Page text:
This evening, I watched the Paddington film, and I absolutely adored it. It shows a stranger, an immigrant, coming here, being welcomed and then accepted for who he is and what he brings to the country. It shows a positive view of immigration that is sorely lacking in the media at the moment.
But what really brought a lump to my throat (and, I’ll admit, a tear to my eye) was what Paddington’s Aunt Lucy says to him just before she puts him on to a boat for London, near the start of the film:
Long ago, people in England sent their children by train with labels around their necks, so they could be taken care of by complete strangers in the countryside where it was safe. They will not have forgotten how to treat strangers.
“They will not have forgotten how to treat strangers.” This is my Britain! This is the Britain that I love; not the Britain of UKIP, brexit and division. I’m glad that a film can still be made that has that positive message of compassion, inclusion and acceptance. Messages like this are sorely needed at the moment and I’m so glad that I finally watched this. Bravo to Paul King and Studio Canal and I sincerely hope that the sequel doesn’t succumb to the zeitgeist of nationalism and insularity currently sweeping the western world.
I watched the last pre-election leaders’ debate the other day and about the only real impression that I got from it was that Birmingham University’s Great Hall is very nice (probably nicer than our own Bute Hall). It was a good debate though, probably the best of the three, as the leaders have all become more comfortable with the role and actually felt like a debate.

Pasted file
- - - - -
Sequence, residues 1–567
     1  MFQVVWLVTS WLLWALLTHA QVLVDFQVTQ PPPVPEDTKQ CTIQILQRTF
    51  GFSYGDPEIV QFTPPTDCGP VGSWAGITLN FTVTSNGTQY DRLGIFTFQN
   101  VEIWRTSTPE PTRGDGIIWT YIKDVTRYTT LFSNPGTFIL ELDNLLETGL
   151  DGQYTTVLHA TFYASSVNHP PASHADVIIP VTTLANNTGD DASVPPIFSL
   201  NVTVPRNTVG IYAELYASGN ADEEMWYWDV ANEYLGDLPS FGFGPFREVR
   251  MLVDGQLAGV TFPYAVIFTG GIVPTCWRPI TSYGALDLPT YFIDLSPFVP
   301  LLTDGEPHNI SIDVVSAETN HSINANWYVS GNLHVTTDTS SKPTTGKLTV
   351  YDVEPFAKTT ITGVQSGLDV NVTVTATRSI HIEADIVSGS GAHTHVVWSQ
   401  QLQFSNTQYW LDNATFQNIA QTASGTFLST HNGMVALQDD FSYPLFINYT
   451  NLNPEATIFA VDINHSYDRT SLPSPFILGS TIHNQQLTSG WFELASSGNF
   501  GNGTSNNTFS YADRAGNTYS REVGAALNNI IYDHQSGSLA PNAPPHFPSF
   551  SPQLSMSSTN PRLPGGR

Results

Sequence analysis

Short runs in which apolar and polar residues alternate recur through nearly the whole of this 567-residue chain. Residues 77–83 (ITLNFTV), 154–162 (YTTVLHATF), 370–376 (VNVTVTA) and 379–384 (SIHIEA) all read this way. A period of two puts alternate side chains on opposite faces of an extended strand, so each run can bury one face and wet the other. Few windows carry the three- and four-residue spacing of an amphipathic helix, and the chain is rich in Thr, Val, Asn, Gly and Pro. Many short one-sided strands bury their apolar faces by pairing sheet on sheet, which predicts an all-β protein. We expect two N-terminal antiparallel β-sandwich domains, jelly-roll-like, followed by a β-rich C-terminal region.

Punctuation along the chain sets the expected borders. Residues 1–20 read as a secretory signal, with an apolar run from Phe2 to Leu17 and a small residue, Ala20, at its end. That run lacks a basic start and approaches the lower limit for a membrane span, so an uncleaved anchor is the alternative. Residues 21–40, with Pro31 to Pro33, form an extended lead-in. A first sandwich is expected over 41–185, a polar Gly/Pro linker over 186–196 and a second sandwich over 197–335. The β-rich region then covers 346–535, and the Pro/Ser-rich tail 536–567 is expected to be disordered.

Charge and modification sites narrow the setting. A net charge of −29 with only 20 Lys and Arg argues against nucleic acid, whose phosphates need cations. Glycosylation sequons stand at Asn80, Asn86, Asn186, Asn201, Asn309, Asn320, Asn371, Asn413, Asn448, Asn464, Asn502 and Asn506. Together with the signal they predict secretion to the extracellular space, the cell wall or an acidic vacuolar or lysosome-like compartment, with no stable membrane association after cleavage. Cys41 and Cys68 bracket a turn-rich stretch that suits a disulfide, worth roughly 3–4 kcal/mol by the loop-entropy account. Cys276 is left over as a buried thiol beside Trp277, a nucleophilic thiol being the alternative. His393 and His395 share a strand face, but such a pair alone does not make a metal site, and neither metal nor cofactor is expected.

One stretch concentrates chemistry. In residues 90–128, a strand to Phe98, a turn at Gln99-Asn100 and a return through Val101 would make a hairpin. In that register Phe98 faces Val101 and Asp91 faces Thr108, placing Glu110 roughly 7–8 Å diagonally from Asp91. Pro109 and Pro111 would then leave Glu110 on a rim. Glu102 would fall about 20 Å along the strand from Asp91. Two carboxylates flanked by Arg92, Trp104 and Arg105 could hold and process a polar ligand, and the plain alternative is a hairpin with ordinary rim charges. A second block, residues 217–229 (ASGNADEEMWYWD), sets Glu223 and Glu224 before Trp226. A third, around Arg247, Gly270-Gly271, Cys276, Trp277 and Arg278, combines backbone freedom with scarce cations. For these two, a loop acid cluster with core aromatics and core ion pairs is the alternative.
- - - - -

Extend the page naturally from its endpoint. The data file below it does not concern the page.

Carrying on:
As I mentioned in my comments about the first one though, the subject of immigration continued to annoy me, mainly because of the very parochial SE-England attitude, especially in light of this article from the BBC talking about a rise in the Scottish population, where a Scottish Government spokesman called the rise (due in very large proportion due to migration) a
key contributor to sustainable economic growth. This is being ignored by the main parties in their drive to appeal to the middle-Englanders without any recognition of the different needs of different regions of the country. I find this dishonest and wrong.
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